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we might not be the strongest economy in the world -- always be the strong as the economy in the world. we have given away much of our economy, the businesses have, by moving to china because they can pay workers there many dollars less then workers are paid here. my main point is, i think it is a mistake to constantly talk about china as a threat and a military threat. if they truly become a military threat, this country, with its thousands of nuclear weapons and 800 military bases around the world, part of the u.s. empire, this country could successfully fight china or blow us all to kingdom come. host: bill in pennsylvania.
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dean, your thoughts. guest: even during the cold war, many argued it was the u.s. that was the problem. china's military is still the largest in the world, it's military has modernized. it is not your father or grandfather's pla, this is a military that deals sophisticated weapons, has counterspace capabilities. no u.s. adversary has fielded cyber capabilities. now, we are finding out they are expanding their nuclear forces massively, 300 silos detected in western china. new, ballistic missile submarines. they are building and manning a strategic bomber, the chinese themselves are talking about that. host: a little more than 10 minutes left with our guest, dean cheng talking about nancy pelosi's trip, the military response. we welcome your calls. (202) 748-8001 for republicans. democrats, (202) 748-8000.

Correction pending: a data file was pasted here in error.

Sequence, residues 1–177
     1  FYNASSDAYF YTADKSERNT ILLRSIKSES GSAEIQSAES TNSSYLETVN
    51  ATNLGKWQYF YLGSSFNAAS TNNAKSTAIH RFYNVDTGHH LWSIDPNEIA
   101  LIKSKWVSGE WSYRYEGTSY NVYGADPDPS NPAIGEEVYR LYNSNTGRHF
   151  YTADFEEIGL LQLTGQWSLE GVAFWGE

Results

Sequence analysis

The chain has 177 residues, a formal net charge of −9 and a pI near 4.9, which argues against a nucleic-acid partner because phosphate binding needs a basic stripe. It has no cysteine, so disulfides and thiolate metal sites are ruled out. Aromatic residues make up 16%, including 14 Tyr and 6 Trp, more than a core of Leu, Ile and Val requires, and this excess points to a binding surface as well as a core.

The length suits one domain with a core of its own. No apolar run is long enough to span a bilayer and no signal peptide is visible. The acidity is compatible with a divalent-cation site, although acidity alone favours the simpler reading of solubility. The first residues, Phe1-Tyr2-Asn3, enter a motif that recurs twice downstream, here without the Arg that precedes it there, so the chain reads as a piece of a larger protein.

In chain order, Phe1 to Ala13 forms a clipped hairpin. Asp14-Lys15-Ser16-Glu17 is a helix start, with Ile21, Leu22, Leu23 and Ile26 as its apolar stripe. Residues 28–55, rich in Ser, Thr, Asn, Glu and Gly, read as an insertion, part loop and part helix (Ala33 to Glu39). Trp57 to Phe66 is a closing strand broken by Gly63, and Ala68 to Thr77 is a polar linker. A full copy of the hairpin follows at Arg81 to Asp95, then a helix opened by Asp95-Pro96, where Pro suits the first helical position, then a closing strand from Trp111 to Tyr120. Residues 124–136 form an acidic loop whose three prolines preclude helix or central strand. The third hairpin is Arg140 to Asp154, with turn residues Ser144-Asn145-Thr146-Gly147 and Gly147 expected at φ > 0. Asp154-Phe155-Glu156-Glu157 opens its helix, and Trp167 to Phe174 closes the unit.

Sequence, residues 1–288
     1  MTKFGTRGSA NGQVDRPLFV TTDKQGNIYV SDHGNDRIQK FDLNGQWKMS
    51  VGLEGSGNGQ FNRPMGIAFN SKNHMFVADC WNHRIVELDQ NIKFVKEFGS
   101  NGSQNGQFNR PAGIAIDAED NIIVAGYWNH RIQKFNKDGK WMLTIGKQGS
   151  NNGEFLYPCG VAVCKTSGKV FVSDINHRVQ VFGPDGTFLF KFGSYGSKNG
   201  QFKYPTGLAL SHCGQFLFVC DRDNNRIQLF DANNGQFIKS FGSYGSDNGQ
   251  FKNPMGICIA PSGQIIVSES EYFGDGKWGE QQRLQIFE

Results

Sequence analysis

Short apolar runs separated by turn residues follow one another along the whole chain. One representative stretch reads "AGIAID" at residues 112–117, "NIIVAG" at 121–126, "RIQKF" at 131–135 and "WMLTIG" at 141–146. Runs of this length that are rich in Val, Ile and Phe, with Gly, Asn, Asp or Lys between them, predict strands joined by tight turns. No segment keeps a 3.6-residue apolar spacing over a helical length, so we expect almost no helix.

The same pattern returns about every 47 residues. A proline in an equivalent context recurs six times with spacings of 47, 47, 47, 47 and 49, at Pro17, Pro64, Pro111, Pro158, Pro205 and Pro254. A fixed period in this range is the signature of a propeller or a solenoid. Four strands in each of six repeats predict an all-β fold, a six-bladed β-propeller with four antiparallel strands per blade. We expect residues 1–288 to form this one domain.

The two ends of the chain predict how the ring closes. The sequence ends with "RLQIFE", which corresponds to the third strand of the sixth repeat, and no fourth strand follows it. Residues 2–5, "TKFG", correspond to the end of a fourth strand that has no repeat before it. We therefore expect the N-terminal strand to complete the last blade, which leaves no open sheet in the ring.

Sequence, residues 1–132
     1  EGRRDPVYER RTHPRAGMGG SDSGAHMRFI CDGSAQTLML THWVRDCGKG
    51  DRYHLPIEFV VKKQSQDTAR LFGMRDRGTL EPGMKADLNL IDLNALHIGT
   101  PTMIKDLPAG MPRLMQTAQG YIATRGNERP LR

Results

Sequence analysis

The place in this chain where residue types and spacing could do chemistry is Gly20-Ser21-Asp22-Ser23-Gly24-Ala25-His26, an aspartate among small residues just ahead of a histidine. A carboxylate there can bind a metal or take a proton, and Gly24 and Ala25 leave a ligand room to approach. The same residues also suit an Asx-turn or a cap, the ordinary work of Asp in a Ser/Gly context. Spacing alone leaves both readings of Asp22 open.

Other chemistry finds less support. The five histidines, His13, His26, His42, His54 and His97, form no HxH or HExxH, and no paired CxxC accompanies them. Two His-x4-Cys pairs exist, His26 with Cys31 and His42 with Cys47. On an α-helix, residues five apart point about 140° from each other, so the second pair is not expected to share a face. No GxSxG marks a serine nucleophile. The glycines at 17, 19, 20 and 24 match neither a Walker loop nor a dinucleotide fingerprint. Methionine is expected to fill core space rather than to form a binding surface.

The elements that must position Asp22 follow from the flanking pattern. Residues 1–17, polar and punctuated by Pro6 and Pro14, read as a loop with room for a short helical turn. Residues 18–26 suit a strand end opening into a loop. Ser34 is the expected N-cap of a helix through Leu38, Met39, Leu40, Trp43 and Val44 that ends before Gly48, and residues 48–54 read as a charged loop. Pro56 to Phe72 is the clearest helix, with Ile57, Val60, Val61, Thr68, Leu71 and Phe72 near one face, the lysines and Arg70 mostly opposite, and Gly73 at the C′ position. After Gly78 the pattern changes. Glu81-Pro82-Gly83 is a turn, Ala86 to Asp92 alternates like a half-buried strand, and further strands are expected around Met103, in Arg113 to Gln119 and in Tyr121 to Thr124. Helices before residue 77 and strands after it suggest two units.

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for independents and others, it is (202) 748-8002. dean cheng's work can be fine owned -- can be found at heritage.org. you draw a straight line from the u.s. withdraw from afghanistan to the russian invasion of ukraine to an increasingly aggressive china. explain that. guest: afghanistan was a catastrophe. one of the worst aspects was that, from a military perspective, it made it look like we were not very competent. that, after 20 years of fighting there, is not the message you want to send. russia's invasion of ukraine occurs in the wake of that. what's the u.s. going to intervene, certainly not. was putin and bolden, it was
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quite likely. it didn't help the u.s. said specifically there was no chance of u.s. intervention. what we are seeing with the chinese's lessons learned from both of their superpower competitors. while russia is aligned with china, they are a potential threat from beijing's perspective. what have they learned from the russian invasion of the ukraine, the american withdraw from couple -- ? host: the u.s. response, it was part of a broader nato response, united nato. is there a organization that is in the southeast asia region that the united states is part of, a similar bulwark against chinese military aggression? guest: i think you are referring to the southeast asia treaty organization, which was set up in the 1950's. that organization died at the